The Wide Range of Middle East Musicianship

<i> Don Snowden is a regular contributor to The Times. </i>

Caribbean or African music heard for the first time can sound unusual, but you can hear some Western pop sounds in the styles. For a real test, step into a culture that doesn’t reflect any Western elements--like the world of Islamic music.

Jazz musicians and some rock artists have long been plugged into Middle Eastern influences, but a more widespread awareness has recently been spurred by the emergence of Algeria’s rai and Pakistan’s qawwali styles, by the modern fusions of Israel’s Ofra Haza and the German-Arabic band Dissidenten, and by the Islamic vocal influence on West African and Bulgarian music.

Traditional and modern styles from the Middle East are the jumping-off point for this edition of On the Offbeat, a periodic review of roots, ethnic and non-mainstream pop music from around the world. ***


“Yo Habib”

Real World

A “jump in the deep end” record. The Sabri Brothers play qawwali (Sufi) devotional music from Pakistan, making no attempt to entice Western listeners with the occasional pop element. The whole show is the Sabris’ spiraling voices over hypnotic harmonium (pump organ) accompaniment.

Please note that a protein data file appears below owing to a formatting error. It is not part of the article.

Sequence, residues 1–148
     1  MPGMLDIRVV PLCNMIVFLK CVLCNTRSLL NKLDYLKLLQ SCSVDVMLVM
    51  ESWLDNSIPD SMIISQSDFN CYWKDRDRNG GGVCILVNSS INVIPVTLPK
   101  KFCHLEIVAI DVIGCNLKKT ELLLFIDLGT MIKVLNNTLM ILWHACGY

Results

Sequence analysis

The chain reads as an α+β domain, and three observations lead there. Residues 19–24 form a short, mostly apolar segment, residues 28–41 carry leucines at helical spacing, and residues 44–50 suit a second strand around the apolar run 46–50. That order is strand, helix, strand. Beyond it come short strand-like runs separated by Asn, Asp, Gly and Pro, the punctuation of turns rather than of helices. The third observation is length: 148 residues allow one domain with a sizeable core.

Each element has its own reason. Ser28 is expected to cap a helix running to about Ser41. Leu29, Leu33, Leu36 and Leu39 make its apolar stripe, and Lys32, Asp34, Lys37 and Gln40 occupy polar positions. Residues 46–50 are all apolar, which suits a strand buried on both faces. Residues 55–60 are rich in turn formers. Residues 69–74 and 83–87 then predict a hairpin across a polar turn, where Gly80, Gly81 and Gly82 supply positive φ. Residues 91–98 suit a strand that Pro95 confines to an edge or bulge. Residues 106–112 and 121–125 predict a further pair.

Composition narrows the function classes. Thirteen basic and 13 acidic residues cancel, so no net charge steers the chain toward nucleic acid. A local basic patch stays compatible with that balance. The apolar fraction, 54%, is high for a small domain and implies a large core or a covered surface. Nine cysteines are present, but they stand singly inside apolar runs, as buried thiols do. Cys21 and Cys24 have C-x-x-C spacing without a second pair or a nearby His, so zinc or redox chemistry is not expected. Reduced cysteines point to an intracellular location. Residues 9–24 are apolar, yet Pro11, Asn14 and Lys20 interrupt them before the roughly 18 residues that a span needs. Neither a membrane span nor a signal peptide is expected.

“Ghir El Baroud”

MLP import

Remitti was a major figure in the formative stages of Algeria’s rai music during the ‘40s and ‘50s and became a heroine to young female singers for singing about sensual pleasures and other taboo subjects. Remitti’s tough, guttural singing on this powerful album requires no cultural translation. Driven by insistent drum rhythms and nagging reed melodies, this is Algerian music before synthesizers and electric instruments created the modern pop- rai sound.



“Yalla--Hitlist Egypt”


“Yalla” features one side apiece of the pop styles that have developed among Egyptian youth in the past 15 years. Both the shaabi and al jeel styles mesh traditional Egyptian elements with the more universal sound of synthesizers and drum machines. Shabbi is cross-cultural music from the poorer sections of Cairo, sort of Egyptian blues with a high quotient of traditional elements. The al jeel side spotlights the smoother, high-tech sound of young, affluent Egyptians more attuned to European pop developments.

Albums are rated on a scale of one star (poor) to five (a classic).